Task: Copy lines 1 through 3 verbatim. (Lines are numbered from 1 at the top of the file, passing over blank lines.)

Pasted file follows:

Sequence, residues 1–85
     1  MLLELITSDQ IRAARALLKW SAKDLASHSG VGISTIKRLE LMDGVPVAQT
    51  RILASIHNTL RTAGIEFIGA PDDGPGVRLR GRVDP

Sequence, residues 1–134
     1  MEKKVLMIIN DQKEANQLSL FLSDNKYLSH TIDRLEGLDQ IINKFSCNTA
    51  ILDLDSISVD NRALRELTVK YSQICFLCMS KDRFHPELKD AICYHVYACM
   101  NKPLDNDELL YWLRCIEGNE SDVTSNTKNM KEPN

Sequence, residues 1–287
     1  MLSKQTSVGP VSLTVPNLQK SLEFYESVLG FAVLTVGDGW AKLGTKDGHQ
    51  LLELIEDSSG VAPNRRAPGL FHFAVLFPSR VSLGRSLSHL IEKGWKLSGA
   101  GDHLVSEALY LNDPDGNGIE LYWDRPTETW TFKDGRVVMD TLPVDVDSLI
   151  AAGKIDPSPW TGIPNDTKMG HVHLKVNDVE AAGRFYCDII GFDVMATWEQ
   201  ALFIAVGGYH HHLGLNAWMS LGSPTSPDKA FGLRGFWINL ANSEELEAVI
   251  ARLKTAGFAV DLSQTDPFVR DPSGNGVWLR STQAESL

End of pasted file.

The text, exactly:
Sequence, residues 1–85
     1  MLLELITSDQ IRAARALLKW SAKDLASHSG VGISTIKRLE LMDGVPVAQT
    51  RILASIHNTL RTAGIEFIGA PDDGPGVRLR GRVDP